Virtualization and Cloud Computing

The verdict is in and Data Virtualization (DV) is here to stay. This is driven by many factors such as the maturation of vendor technologies (e.g., heterogeneous join optimization, row level security, and high availability), increases in computing power, and a decrease in time end users are willing to wait for access to data. Over the past few years, companies like Informatica, Composite Software, Denodo Technologies, and IBM have led the industry charge to:

  • Expand data virtualization reach into new industries
  • Enable Agile Business Intelligence (BI) with data virtualization
  • Integrate with Cloud applications, such as, Workday and MS Dynamics
  • Integrate with Cloud data services, such as Windows Azure, LexisNexis, and
  • Provide access to a larger variety of data, including video, email, and JSON documents, and other Big Data sources often stored in platforms such as Hadoop
  • Shift from departmental to enterprise-wide deployments

Data Virtualization holds the promise of streamlining many of the challenges that have beleaguered data organizations for decades. Organizations may be attracted to DV for capabilities such as:

  • Provide a single data access point for structured and unstructured data
  • Unify data security across the organization (and outside the organization)
  • Enhance development team agility when embarking on data integration projects
  • Decouple applications and analytics from the physical data structures, allowing data infrastructure changes while minimizing end-user impact
  • Deliver real-time operational data and processed/cleansed data to support up-to-the-minute data requirements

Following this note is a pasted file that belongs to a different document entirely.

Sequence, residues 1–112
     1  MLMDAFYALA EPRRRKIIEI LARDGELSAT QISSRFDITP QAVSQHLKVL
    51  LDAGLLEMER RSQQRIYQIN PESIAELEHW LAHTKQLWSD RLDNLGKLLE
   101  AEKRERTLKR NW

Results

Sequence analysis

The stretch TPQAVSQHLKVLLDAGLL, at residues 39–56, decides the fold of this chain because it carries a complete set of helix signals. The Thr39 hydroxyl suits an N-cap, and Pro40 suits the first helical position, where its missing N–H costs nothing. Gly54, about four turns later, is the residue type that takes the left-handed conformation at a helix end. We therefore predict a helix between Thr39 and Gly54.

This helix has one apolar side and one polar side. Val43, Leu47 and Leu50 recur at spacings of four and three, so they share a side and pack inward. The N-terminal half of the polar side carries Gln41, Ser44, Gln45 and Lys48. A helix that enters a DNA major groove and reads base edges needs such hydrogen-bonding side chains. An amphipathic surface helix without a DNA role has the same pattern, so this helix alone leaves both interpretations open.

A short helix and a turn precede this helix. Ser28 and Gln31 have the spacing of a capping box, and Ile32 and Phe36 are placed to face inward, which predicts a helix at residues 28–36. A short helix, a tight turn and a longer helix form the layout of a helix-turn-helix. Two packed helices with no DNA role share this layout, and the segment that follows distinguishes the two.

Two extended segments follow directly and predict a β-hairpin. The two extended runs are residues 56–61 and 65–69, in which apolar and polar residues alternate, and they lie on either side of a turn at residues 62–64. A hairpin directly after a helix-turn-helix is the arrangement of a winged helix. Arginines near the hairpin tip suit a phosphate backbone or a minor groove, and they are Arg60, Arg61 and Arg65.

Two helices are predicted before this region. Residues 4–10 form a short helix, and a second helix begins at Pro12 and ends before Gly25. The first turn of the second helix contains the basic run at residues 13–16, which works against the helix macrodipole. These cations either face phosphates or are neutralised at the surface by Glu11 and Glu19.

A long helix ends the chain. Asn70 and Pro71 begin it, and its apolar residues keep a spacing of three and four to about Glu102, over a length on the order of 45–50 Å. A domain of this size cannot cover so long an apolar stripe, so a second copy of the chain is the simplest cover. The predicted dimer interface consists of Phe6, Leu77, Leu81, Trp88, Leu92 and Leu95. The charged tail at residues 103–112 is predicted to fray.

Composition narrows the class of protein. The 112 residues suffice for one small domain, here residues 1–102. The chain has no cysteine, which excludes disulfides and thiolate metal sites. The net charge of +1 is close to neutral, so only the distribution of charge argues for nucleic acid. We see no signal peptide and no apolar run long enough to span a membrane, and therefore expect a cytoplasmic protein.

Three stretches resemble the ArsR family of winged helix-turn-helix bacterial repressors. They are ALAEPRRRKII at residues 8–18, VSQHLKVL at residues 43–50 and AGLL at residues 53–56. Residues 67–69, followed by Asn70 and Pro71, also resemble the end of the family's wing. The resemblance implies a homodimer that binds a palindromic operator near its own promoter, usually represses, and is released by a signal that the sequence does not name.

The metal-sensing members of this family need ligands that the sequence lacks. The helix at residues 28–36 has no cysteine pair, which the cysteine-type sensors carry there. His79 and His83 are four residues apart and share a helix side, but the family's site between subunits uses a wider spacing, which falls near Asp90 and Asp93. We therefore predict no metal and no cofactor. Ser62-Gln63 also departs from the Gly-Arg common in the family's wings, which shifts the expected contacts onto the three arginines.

• Enable federated/heterogeneous joins of data residing in disparate locations/sources
  • Create a bridge between "big data" sources (e.g., those residing in Hadoop) and relational data sources (e.g., those residing in Databases)
  • Any one of the above capabilities may be compelling enough to justify Data Virtualization, but when combined, the potential benefits are undeniable.

    If data virtualization is deployed without thoughtful planning, it can create challenges with manageability, usability, data quality and performance. Think about how MS Access databases or MS Excel spread-marts have proliferated in many organizations. Without an eye on data architecture and data governance, such technologies can propagate unchecked until organizations second-guess the validity of their data and spend considerable time resolving discrepancies between sources. This risk is similar and even greater with DV.

    With data virtualization, an organization can expose departmental data assets (such as a file or a table) to a much broader audience with greater ease than ever before. For this reason, and others, we are forced to think about data virtualization from an enterprise perspective. Fortunately, this is a challenge that has been explored for decades and many of the concepts of Enterprise Data Management (EDM) are directly transferable to DV.

    ".we are forced to think about data virtualization from an enterprise perspective."

    If you are considering implementing data virtualization, we encourage you to consider the following 8 steps:

    • 1. Architect from an Enterprise Perspective

      Data virtualization solutions need to meet evolving and often dichotomous requirements of users across the organization. Data virtualization development can become less agile, less performance and challenging to manage as more layers and objects are added. The more duplicate business logic and dependencies that exist, the longer the testing cycles and harder it is to troubleshoot performance issues. To mitigate such challenges, make sure to work with your data architecture teams and consider approaches such as: